But here's why I bring it up. Because this was the best moment in Vegas. And I'm blogging it, even though it was a sort-of-private-in-public moment, because I have shared lots of shitty, demoralizing, sad, and achy things on this blog and I need something to balance it out.

We, my other husband and I, went into the wave pool. I don't think I'd ever been in a pool with him before. And here's the thing about a pool. You're weightless. He carried me in his arms and we whirled and spun around. I almost cry just thinking about it. I almost choke on this beauty. I wished all the other people gone, or at least to the edges away from us, just so we could dance and spin and feel completely alone. I feel like I got my fairy tale moment, you know? I'm sharing this because I want the positive energy to radiate among you, readers. And so that I can look back on this entry when (24 hours from now) I write about something sad or complicated or weird.

Tuesday, June 12, 2012

Apparently procrastination is on the axis of behaviors called "impulsiveness."

I have at least three blog posts rolling around inside and they're sort of all jamming up the pipeline. In the meantime, you get words from someone else.

* * *

I'm either a narcissist or naive, because I can't tell you how often (and every time) I am shocked, SHOCKED when someone else has the same specific, complex emotional response that I have.

I can handle the pain... the shame, / I've been practicing all my life. What I can't / handle is the fire that flames my gut -- / anything might touch me off. All I've swallowed / has poisoned me. Don't you know this? Do something / ... fix me. No. Fix the world.

from  "Dear God" (Jim Ferris)

Thursday, June 7, 2012

Last Day in Vegas

So it's 7am here and I'm not supposed to wake up until 8. This didn't work though, because I'm sunburned everywhere and the weight of the comforter on me was starting to be irritating. I'm barely awake, so ... fun blogging! This whole trip I've only used my cane in the airport. In this and other hotels, it's been all "sighted guiding," which for Mike and me means careful hand holding. I don't know why I made this decision. It sort of made itself up out of my unconscious. Certainly, I'm never going to see any of these people again.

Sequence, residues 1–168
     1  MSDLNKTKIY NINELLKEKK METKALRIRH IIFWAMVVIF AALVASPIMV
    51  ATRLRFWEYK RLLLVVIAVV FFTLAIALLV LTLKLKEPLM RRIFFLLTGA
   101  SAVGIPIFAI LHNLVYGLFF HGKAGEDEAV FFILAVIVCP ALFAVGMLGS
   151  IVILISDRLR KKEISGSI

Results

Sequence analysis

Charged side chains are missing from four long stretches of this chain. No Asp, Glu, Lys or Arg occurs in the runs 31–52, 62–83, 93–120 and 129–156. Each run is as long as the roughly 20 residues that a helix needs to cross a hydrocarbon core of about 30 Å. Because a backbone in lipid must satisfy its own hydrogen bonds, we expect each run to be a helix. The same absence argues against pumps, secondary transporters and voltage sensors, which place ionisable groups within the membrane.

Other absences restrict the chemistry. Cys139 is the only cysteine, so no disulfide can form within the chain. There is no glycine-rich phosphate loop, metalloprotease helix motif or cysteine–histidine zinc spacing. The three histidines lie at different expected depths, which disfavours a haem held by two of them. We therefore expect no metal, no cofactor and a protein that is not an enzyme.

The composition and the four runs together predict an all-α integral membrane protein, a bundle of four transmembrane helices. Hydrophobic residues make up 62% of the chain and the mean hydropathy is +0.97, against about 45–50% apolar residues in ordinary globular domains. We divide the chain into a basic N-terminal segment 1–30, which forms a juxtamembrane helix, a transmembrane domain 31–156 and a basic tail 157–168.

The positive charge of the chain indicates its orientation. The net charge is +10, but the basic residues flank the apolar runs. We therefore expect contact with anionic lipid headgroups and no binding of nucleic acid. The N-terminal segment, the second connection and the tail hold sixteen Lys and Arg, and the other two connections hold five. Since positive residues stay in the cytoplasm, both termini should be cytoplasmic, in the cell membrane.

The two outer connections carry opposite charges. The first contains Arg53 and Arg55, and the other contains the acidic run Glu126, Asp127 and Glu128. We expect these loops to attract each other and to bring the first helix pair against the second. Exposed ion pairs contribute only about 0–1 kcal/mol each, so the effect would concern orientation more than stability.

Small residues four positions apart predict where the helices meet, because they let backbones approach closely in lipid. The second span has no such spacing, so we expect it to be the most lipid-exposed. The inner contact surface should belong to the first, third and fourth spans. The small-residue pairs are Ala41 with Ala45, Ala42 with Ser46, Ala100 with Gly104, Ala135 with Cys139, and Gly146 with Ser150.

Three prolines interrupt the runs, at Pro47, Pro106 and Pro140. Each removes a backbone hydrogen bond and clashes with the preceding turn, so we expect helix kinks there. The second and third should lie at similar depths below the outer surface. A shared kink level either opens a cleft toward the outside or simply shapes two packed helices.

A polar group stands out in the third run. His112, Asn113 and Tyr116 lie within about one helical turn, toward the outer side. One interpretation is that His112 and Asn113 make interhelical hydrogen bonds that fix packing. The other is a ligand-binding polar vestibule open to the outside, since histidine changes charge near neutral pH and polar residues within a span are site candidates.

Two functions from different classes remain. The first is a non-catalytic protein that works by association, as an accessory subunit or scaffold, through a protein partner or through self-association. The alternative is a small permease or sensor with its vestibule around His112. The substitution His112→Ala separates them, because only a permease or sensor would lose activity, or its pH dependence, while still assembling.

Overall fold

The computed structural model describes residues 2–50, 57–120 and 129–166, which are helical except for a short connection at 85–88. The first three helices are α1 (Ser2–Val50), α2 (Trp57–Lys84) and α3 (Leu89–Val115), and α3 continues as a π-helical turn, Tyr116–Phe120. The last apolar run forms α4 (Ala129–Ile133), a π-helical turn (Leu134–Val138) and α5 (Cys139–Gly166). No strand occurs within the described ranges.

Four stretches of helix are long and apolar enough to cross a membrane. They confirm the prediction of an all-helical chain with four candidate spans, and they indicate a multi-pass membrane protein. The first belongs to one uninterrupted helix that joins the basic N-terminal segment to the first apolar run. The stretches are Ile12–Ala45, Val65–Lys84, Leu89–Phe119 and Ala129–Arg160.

So venturing down here to the Orchid coffee lounge by myself was like what I am now considering "the old days." Walking slowly and hesitantly. Really paying attention to sounds to figure out my distance (and closeness) to the world. You know what has a lot of ambient noise in it? A casino. Friendly Me is out this morning, especially to baristas doing the morning shift. I got a soy mocha because I only have one of those little pills that mitigates lactose intolerance left, and I want to use it with Mike at breakfast. They don't have soy in the breakfast place. But that means I had to forego a pre-breakfast mini cupcake... I gotta say these are real beauties. The supermodels of mini cupcakes, with an elegant minimalism. If the light was better I would have tried for a picture.

Things are so surreal at this time of morning. There are gamblers coming in from what looks like all night sessions. They look sort of baggy and rumpled. There are many behind-the-scenes people scurrying to make sure the "guest experience" is ongoingly even and nary a leaf of asiatic lily is out of place.

I would post you my pics but I forgot the cord that connects the phone to the computer in our room. Mike sleeps. I kiss his forehead and he murmurs something. His hair trails over two pillows. It's so long! Like butt-long. When I suggest cutting a few inches off, those last ratty few, he says cryptically that it might be "time for a change" hair-wise. One can only wonder what that means. I know that when I had my hair at its longest, which was only at about chest level, it felt like I was constantly minding a small child. Don't get caught in my backpack. Don't get snagged in the door. Now it's cut close to my head on the left and either a sleek cascade or a wavy wildness on the other side. When I pull a piece down, it hits just above my clavicle. My right-side, normal clavicle, not my left-side, crispy crispy crispy clavicle. I have the weird sunburn pattern of someone who went in the pool and was then haphazard about re-applying lotion. The ends of my hair on the long side are dry from the chlorine. Not used to having dry ends. They needs a deep conditioner or something. I was thinking I'd dye it raspberry when I got home. It wouldn't be the first time, but the first time in awhile.